When I read the summary to this I almost expected to go from conversation to conversation and not feel anything. And maybe I found myself nodding to so many of those conversations specially the bits about politics, football and brexit because I've been living in the UK since 2016 (give or take a few months back home). Those are the kind of conversations I have (and have had) with my friends, co-workers, housemates and such whenever we get together go to a pub or wherever.
The story felt honest, just the silly, everyday conversations people have when they get together with their friends to catch up, talk about your life, politics, football and such topics. It made feel part voyeur as if I was sitting there in the corner of those rooms, listening in to these people's conversations, this strange sense of nostalgia because I want to have a preferred coffee shop too where I can just pop down to, sit, relax for a few hours discussing whatever topic comes to mind. And more importantly, it made me feel the need to find a coffee place with that menu, I'm seriously jealous of all those food choices.
This felt more like a Wiki-slash-Lonely-Planet with personal stories behind it.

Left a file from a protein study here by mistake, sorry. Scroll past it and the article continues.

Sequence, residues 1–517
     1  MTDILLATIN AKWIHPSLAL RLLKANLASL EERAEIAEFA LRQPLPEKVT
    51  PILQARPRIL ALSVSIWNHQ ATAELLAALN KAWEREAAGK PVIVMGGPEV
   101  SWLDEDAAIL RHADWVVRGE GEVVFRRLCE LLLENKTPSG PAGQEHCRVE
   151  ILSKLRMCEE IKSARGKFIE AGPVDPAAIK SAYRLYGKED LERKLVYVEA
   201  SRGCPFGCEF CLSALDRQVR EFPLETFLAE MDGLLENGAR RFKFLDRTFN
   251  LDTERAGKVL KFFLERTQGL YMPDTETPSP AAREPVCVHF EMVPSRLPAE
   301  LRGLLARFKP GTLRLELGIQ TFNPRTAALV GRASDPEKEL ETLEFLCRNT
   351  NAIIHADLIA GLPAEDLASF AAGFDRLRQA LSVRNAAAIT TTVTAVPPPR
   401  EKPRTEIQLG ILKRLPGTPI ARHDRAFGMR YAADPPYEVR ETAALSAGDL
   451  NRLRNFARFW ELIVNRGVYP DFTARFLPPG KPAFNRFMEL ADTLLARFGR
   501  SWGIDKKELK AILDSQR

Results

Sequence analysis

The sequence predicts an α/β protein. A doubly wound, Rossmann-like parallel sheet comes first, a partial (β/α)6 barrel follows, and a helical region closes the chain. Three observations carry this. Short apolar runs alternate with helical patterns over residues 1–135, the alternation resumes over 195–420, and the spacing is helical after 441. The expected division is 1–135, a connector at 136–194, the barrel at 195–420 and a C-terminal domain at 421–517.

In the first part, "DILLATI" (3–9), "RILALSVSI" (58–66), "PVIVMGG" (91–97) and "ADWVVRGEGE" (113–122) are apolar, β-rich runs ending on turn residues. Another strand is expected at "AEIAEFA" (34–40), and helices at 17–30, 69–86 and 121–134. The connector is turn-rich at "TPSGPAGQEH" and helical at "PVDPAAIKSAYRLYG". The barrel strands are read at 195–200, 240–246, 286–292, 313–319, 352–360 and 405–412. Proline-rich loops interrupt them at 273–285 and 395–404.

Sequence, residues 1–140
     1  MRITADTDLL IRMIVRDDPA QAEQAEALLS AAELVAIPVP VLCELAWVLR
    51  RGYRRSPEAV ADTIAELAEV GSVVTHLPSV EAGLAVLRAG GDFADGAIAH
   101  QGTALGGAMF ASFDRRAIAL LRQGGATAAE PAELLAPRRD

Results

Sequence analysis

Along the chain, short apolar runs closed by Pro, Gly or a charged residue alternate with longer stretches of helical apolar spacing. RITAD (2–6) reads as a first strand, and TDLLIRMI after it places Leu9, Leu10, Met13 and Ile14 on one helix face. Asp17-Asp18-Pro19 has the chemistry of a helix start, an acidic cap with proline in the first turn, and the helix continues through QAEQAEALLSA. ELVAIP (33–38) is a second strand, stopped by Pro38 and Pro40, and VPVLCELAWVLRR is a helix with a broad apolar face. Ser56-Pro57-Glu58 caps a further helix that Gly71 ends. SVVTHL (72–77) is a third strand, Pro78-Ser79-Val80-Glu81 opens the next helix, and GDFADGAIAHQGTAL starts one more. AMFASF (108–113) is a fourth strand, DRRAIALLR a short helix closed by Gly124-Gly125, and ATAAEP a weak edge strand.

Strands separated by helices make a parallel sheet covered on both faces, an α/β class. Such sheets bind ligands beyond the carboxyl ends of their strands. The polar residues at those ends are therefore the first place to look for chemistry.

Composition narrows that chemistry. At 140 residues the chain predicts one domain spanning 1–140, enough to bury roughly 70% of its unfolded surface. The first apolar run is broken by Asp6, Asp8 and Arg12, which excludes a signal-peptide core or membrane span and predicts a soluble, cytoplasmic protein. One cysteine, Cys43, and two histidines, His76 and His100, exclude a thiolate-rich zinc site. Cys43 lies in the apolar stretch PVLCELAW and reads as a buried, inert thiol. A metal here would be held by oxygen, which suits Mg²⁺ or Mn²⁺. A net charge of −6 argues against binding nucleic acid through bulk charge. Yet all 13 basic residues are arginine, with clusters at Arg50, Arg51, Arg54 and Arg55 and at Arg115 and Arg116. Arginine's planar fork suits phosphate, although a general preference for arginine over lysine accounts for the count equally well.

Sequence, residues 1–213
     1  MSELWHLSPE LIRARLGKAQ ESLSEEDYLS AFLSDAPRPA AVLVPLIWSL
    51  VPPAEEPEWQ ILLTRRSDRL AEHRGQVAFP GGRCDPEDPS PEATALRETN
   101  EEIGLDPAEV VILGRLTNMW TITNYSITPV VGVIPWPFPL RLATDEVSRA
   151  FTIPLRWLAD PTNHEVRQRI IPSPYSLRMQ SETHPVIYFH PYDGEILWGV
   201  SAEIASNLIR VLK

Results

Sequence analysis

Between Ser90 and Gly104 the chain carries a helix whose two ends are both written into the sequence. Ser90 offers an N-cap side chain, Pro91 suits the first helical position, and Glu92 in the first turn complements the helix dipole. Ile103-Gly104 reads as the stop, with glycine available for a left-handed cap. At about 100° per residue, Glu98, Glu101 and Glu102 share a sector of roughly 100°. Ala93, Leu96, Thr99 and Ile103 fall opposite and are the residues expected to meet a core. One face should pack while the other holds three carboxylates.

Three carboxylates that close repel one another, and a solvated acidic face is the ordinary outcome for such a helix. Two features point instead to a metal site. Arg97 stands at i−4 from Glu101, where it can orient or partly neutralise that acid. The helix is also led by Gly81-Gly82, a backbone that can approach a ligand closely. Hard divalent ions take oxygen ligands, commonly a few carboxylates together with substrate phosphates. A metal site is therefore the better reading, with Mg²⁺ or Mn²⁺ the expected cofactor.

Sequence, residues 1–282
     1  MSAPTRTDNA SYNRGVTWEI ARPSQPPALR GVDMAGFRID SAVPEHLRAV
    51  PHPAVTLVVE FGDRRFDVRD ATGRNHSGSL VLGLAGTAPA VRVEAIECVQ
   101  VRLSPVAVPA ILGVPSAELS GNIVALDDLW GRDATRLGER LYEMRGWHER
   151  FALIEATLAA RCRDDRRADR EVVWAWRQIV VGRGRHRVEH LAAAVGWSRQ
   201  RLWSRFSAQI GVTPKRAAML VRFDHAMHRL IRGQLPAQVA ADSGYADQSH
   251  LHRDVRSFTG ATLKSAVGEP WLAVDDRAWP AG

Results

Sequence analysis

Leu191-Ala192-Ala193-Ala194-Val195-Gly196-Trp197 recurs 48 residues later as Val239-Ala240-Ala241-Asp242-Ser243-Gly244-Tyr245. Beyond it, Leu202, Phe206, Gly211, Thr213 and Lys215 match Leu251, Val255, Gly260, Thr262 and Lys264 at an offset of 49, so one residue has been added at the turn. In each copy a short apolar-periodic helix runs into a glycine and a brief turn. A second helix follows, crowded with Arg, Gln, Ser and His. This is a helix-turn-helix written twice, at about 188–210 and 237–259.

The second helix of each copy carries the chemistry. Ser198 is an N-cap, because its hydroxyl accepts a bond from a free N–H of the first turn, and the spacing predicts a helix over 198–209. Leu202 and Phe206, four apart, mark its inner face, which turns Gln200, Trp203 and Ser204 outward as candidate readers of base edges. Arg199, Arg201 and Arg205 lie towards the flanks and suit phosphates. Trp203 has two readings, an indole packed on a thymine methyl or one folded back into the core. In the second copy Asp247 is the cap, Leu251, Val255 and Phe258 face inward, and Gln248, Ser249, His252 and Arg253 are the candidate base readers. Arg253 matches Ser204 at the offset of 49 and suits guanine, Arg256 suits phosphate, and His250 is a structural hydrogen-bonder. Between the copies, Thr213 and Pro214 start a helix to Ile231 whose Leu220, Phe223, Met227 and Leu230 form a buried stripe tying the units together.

I dropped it like a million times just to Google all the places and cafes mentioned. But hey...visuals...visuals...this book would be so much better with proper beautiful visuals.
It is informative and it reads like a best friend you don't really know beyond his tales of his worldly explorations.
I think it would make a nice gift to those who love but for some reason can't travel at this time because it feels like a mini world in a book format. And of course a treasure for coffee lovers - if only the chapters were much shorter and a subway stop read, for example. Then this would almost feel like reading a version of EASY but in a book, not Netflix series.
A traveller, an observer and a coffee fanatic, Chaelli has, to use a turn of phrase, been around a bit!
He has travelled the world in his capacity as a trainer, working primarily in Europe, but also in South Africa, Central and South America, Australia and New Zealand, the Middle East and Central and South-East Asia. During this time, he has developed a particular affection for, and affinity with Beirut, Budapest, Cape Town and Granada, along with the much closer to home Hebden Bridge. Having spent many months in all of these places, he has named a room in his cafe after each of them, hence The CafÃ© with Five Faces.
His 'day job' involves a lot of observation and he has used these 'skills', also known as 'nosiness', to put together The CafÃ© with Five Faces, a book of the stories his cafÃ©'s walls have overheard, and will continue to overhear.
Delving back into the annals of history, Chaelli studied History and Politics and maintains an active interest in the latter, being a vocal member of most things anti-Brexit, a mistake he views as a form of national suicide.
These days, he is studying for a Diploma in Coffee Skills and has so far taken courses in Beirut, London, Cape Town, Bogota and Villa de Leyva (Colombia).
He has been a writer for a long time, starting with children's adventure stories written when barely a teen, through to materials and courses for English teachers and an as yet unpublished travelogue.